Previous evidence from functional magnetic resonance imaging (fMRI) has shown that a painful galvanic stimulation mainly activates a posterior sub-region in the secondary somatosensory cortex (SII), whereas a non-painful sensory stimulation mainly activates an anterior sub-region of SII [Ferretti, A., Babiloni, C., Del Gratta, C., Caulo, M., Tartaro, A., Bonomo, L., Rossini, P.M., Romani, G.L., 2003. Functional topography of the secondary somatosensory cortex for non-painful and painful stimuli: an fMRI study. Neuroimage 20 (3), 1625-1638.]. The present study, combining fMRI with magnetoencephalographic (MEG) findings, assessed the working hypothesis that the activity of such a posterior SII sub-region is characterized by an amplitude and temporal evolution in line with the bilateral functional organization of nociceptive systems. Somatosensory evoked magnetic fields (SEFs) recordings after alvanic median nerve stimulation were obtained from the same sample of subjects previously examined with fMRI [Ferretti, A., Babiloni, C., Del Gratta, C., Caulo, M., Tartaro, A., Bonomo, L., Rossini, P.M., Romani, G.L., 2003. Functional topography of the secondary somatosensory cortex for non-painful and painful stimuli: an fMRI study. Neuroimage 20 (3), 1625-1638.]. Constraints for dipole source localizations obtained from MEG recordings were applied according to fMRI activations, namely, at the posterior and the anterior SII sub-regions. It was shown that, after painful stimulation, the two posterior SII sub-regions of the contralateral and ipsilateral hemispheres were characterized by dipole sources with similar amplitudes and latencies. In contrast, the activity of anterior SII sub-regions showed statistically significant differences in amplitude and latency during both non-painful and painful stimulation conditions. In the contralateral hemisphere, the source activity was greater in amplitude and shorter in latency with respect to the ipsilateral. Finally, painful stimuli evoked a response from the posterior sub-regions peaking significantly earlier than from the anterior sub-regions. These results suggested that both ipsi and contra posterior SII sub-regions process painful stimuli in parallel, while the anterior SII sub-regions might play an integrative role in the processing of somatosensory stimuli.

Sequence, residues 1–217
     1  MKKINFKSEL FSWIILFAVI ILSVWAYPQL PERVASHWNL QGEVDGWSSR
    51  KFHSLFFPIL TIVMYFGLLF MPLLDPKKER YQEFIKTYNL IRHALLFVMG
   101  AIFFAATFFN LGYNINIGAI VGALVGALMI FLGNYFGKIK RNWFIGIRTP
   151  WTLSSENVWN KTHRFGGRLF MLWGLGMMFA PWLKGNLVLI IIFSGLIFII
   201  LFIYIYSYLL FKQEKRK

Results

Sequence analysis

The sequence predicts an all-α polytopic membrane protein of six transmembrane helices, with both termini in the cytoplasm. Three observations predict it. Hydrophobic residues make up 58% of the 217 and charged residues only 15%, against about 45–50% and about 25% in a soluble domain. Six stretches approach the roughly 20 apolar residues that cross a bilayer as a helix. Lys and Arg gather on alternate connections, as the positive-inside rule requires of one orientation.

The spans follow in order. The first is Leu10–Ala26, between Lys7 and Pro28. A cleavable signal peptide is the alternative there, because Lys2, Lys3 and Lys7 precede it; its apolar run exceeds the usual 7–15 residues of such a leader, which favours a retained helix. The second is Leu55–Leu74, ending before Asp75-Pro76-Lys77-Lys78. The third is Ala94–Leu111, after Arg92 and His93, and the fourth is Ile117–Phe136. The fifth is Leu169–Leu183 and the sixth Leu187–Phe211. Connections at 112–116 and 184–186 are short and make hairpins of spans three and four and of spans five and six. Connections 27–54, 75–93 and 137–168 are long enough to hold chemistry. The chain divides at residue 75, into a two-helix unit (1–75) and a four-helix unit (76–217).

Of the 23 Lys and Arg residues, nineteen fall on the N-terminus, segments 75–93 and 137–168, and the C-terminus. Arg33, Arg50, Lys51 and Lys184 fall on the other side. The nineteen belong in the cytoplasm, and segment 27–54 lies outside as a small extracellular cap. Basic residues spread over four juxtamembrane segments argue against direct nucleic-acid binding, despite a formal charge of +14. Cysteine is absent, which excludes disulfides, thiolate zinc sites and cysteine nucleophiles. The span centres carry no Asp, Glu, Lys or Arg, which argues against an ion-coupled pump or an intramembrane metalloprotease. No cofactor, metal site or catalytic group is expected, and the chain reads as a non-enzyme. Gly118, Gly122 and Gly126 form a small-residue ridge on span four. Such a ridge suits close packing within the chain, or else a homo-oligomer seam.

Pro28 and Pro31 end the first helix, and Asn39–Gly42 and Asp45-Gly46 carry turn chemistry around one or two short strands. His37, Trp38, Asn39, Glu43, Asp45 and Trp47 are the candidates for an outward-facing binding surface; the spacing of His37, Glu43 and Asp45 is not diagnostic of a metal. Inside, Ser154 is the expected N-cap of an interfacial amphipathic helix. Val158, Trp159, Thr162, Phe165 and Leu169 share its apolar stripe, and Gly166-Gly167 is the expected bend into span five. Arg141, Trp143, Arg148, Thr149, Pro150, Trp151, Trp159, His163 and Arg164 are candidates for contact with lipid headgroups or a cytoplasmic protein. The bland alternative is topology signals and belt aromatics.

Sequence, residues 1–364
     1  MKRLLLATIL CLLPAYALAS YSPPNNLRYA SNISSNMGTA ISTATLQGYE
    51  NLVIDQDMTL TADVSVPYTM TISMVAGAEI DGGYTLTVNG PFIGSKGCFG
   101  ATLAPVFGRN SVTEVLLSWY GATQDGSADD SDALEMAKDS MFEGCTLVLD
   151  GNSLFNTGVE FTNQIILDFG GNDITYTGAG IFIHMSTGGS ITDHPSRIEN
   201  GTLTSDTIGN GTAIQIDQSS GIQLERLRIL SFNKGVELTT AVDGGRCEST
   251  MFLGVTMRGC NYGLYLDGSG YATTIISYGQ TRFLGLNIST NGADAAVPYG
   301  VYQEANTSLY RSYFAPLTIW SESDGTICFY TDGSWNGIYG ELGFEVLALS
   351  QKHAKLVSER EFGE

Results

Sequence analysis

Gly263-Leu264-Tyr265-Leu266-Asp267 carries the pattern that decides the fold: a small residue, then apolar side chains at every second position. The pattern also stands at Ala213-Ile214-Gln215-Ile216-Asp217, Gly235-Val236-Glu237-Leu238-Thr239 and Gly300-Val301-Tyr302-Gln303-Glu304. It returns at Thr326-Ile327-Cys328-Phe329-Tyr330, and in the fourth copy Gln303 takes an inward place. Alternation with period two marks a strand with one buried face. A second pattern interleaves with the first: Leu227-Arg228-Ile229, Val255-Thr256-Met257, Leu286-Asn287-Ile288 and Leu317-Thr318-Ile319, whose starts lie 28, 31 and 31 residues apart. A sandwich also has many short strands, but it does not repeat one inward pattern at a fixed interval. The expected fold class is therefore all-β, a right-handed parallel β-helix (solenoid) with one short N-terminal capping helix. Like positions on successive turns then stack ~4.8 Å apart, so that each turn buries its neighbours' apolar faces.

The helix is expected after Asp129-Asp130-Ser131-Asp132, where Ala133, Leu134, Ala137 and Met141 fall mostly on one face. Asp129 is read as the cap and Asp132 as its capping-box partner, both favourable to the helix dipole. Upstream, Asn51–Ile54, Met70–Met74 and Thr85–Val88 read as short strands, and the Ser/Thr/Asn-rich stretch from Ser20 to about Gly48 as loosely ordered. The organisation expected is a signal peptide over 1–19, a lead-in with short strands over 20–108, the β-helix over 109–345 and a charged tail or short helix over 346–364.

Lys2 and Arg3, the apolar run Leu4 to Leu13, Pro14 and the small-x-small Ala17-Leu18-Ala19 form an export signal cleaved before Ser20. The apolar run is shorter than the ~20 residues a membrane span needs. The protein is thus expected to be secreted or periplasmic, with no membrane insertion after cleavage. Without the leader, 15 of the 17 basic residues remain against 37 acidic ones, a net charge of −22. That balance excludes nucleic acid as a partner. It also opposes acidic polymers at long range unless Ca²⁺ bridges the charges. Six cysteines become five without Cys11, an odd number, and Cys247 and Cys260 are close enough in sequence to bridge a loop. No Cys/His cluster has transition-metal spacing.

- Median-nerve electrical stimulation
- Secondary somatosensory area (SII)
ASJC Scopus subject areas
- Cognitive Neuroscience